Pépé le Moko (1937)


FILM REVIEW || Director Julien Duvivier | Writers Henri La Barthe (as “Détective Ashelbé”), Julien Duvivier, Jacques Constant and Henri Jeanson (based on the novel by La Barthe) | Cinematographers Marc Fossard and Jules Kruger | Starring Jean Gabin, Mireille Balin | Length 90 minutes | Seen at home (DVD), Friday 19 July 2013 || My Rating 3 stars good


© DisCina

I’ve written already about the way films can introduce us as viewers to strange and foreign worlds and experiences, and there’s definitely a self-conscious sense of this here, with its exotic Algerian locales. And yet, if this is a film taking as its setting the colonialist fringes of French power, it’s also very much one in which these expansions are questioned. Ultimately it expresses the homesickness of the audience surrogate, Jean Gabin’s title character; it seems to express something of the melancholy of imperialism.

Pépé is a jewel thief, a very good one, and very much sought after by the authorities. He has taken refuge in the dark and winding streets of Algier’s Casbah district, where he’s safe from the law, and yet here there is no honour among thieves; he lives in constant danger of being ratted out. His strength as a character is in his charm and the way he exerts authority over people, and he rarely admits to weakness. Yet when he meets a young Parisian woman Gaby (Mireille Balin), attracted initially to her sparkling diamonds, and falls in love with her, his strength fails him. Perhaps what he’s in love with is in part her freedom to return home — the freedom he both lacks and most desires — but as the film shows, it’s impossible to go home.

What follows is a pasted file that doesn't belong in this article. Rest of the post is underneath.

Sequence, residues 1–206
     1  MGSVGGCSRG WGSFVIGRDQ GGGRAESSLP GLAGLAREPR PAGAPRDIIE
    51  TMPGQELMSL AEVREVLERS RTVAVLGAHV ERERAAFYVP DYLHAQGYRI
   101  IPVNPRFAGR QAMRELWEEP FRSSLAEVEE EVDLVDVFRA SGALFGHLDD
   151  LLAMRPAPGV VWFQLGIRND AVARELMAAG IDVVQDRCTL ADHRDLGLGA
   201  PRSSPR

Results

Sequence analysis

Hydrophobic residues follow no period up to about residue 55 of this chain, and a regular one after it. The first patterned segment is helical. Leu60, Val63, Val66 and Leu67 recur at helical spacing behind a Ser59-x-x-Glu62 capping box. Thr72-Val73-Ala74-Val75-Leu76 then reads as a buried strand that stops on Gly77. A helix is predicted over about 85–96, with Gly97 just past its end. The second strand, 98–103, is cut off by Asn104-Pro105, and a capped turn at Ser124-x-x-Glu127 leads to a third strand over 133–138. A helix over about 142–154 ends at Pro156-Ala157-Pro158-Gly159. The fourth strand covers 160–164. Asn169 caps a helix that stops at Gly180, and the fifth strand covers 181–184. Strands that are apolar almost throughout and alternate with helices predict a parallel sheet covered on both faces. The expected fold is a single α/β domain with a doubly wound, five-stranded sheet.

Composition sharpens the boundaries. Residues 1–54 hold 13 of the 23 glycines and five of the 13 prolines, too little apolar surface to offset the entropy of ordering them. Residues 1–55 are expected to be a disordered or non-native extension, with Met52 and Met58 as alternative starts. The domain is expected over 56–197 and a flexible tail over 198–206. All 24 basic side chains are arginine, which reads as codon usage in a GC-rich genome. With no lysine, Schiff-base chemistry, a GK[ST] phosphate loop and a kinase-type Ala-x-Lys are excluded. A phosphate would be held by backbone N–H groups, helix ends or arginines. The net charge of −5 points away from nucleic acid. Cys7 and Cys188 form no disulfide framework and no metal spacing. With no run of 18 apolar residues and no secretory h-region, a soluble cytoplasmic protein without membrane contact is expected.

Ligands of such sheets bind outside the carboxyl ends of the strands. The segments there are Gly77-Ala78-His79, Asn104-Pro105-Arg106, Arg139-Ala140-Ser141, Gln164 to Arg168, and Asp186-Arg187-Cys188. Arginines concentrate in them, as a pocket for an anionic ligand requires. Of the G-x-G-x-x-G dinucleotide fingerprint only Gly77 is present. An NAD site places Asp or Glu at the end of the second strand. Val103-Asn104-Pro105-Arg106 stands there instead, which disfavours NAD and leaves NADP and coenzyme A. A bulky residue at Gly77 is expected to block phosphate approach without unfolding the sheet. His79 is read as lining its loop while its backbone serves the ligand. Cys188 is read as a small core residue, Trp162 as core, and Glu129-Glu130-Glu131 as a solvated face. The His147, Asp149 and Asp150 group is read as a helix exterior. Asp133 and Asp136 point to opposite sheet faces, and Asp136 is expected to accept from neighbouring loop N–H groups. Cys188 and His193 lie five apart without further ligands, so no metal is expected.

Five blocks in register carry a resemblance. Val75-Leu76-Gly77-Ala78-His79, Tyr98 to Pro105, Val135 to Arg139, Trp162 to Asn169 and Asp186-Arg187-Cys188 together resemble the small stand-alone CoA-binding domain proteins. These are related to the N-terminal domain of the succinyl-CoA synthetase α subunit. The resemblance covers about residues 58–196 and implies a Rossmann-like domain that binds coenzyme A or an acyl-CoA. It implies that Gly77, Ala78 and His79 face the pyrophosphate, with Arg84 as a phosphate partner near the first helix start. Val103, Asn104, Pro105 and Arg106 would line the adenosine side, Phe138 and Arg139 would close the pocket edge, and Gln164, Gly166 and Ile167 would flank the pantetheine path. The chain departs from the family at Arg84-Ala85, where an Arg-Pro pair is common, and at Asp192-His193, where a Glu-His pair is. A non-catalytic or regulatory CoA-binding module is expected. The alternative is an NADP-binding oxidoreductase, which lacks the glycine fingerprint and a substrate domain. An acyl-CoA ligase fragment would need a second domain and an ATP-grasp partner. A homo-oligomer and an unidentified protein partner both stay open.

If at one level, Pépé’s fate is the usual one reserved for those who have transgressed against society’s laws, it’s also more pointed than that. For in many ways, he’s the template for the complicated yet brooding charismatic anti-hero of so many subsequent films. He is not just a criminal, he’s more the expeditionary soul of France, and with World War II looming, his story is a pessimistic look to the future.

It’s all very much Gabin’s show. Not many others get much of a look in — certainly not the forgettable female lead — and there’s little for the locals either, except perhaps for the shady police detective Slimane, though there are enough low-life racist caricatures in the background. Yet with Gabin’s performance, allied to the deft monochrome camerawork among the tight alleyways of the Casbah set, this stylistically looks forward to film noir while retaining some of the fast-paced snappy dialogue that defined so many films of this period. For these and for the fine central performance, Pépé le Moko remains fascinating.

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